GOTHENBURG, Germany, March 11 (UPI) -- Researchers say the arrangement between citizen and government is not unlike that between buyer and seller. To ask a high price, the seller must be selling a product of value.
By said logic, governments that collect a sizable share of taxes must offer higher quality services. A newly presented dissertation suggests this is indeed the case.
Political scientist Rasmus Broms, a researcher at the University of Gothenburg, looked at bureaucracies and tax rates around the world. He found a strong correlation between higher rates and more transparent and effective governments.
"No one has ever liked having to let go of their hard-earned money. If one is to do that, one both wants to get something in return, but perhaps above all get some kind of influence over how the tax money is used," Broms said in a news release.
In addition to the modern bureaucracies of Europe, the Americas and southern Africa, Broms analyzed historical data on taxes and government services in the British colonies.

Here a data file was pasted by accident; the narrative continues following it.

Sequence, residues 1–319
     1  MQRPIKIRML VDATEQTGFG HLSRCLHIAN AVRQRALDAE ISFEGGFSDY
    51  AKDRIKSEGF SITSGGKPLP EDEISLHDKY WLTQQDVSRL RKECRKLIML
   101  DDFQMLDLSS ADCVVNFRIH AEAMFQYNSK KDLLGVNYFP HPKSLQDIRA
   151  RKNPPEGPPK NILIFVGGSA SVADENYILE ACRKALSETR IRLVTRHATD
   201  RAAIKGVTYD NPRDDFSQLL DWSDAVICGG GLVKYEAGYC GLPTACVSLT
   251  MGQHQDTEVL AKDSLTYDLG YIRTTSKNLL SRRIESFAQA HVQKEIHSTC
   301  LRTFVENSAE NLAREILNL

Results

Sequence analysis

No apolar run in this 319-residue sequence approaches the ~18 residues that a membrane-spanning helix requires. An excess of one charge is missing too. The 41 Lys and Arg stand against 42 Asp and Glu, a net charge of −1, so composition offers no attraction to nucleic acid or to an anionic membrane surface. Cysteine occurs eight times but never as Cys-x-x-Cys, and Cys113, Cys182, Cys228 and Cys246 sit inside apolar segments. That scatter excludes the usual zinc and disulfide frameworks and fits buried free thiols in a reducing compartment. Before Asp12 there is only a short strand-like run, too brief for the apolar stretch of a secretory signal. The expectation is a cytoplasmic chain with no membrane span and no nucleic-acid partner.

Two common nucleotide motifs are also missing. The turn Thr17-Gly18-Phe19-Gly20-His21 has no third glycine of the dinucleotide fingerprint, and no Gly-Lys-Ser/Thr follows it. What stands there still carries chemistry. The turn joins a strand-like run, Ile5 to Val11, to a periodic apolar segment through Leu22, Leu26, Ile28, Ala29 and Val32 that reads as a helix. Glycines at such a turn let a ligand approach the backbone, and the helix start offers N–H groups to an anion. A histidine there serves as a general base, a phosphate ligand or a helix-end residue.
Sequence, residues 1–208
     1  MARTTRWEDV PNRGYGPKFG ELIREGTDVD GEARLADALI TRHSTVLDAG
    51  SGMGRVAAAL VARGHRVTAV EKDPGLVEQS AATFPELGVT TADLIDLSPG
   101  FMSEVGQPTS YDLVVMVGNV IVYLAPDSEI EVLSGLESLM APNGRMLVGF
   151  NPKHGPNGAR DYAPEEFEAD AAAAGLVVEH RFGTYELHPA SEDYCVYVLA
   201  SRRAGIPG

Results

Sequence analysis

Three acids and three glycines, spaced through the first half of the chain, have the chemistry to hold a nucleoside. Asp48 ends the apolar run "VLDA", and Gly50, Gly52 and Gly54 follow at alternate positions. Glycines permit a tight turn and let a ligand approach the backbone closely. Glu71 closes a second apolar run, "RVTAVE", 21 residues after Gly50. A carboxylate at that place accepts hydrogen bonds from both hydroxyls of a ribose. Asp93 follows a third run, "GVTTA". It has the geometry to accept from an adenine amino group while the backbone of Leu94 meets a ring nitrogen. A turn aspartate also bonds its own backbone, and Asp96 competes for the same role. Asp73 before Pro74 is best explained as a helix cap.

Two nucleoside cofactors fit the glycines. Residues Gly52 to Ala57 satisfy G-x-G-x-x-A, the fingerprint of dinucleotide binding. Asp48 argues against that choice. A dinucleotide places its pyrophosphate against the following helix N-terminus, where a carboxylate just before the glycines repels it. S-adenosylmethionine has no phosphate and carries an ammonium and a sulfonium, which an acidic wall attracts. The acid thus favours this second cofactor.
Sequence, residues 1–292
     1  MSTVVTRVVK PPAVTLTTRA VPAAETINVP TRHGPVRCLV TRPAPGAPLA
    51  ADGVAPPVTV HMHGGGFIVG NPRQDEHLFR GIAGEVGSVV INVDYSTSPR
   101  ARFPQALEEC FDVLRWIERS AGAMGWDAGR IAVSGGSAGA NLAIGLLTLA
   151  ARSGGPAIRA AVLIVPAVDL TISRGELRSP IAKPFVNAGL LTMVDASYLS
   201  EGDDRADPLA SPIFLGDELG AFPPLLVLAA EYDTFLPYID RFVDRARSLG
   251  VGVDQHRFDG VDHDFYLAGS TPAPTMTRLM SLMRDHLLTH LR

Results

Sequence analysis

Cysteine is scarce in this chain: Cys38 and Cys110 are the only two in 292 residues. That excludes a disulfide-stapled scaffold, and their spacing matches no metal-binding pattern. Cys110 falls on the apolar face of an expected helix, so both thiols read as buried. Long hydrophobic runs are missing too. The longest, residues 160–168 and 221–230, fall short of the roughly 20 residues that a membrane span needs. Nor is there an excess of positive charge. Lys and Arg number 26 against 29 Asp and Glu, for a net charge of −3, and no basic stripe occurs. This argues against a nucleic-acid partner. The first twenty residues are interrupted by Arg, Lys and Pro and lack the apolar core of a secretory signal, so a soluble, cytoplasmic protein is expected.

Broms said the uprisings in France and America signaled a shift in the nature of the social contract between the governed and the governors.
"To a great extent, the French and American revolutions concerned taxes," Broms said. "And much of what we today view as the modern state has its foundation in the systems that were built after these revolutions."
Of course, not all governments negotiate with their citizens in good faith. Broms thinks the arrangement between rulers and the ruled in oil-rich Gulf States is less like a transaction and more like bribery.
"There, through generous allotments to the citizens from the oil incomes, the governing classes can in a sense bribe themselves out of demands on democratic influence over the government machine and human rights consideration," Broms said.